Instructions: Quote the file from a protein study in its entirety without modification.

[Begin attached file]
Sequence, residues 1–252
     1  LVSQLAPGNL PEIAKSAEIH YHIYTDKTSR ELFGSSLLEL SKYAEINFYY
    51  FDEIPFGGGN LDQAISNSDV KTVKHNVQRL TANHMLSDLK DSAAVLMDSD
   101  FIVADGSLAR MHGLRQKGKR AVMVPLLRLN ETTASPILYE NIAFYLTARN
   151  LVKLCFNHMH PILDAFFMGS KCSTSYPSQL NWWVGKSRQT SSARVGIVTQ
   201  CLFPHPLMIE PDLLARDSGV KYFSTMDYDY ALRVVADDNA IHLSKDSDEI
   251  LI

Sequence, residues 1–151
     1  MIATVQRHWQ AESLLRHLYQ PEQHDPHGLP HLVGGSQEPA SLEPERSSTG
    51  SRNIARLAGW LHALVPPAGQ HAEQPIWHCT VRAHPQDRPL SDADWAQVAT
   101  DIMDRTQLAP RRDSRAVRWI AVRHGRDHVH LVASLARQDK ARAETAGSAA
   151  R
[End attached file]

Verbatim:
Sequence, residues 1–252
     1  LVSQLAPGNL PEIAKSAEIH YHIYTDKTSR ELFGSSLLEL SKYAEINFYY
    51  FDEIPFGGGN LDQAISNSDV KTVKHNVQRL TANHMLSDLK DSAAVLMDSD
   101  FIVADGSLAR MHGLRQKGKR AVMVPLLRLN ETTASPILYE NIAFYLTARN
   151  LVKLCFNHMH PILDAFFMGS KCSTSYPSQL NWWVGKSRQT SSARVGIVTQ
   201  CLFPHPLMIE PDLLARDSGV KYFSTMDYDY ALRVVADDNA IHLSKDSDEI
   251  LI

Sequence, residues 1–151
     1  MIATVQRHWQ AESLLRHLYQ PEQHDPHGLP HLVGGSQEPA SLEPERSSTG
    51  SRNIARLAGW LHALVPPAGQ HAEQPIWHCT VRAHPQDRPL SDADWAQVAT
   101  DIMDRTQLAP RRDSRAVRWI AVRHGRDHVH LVASLARQDK ARAETAGSAA
   151  R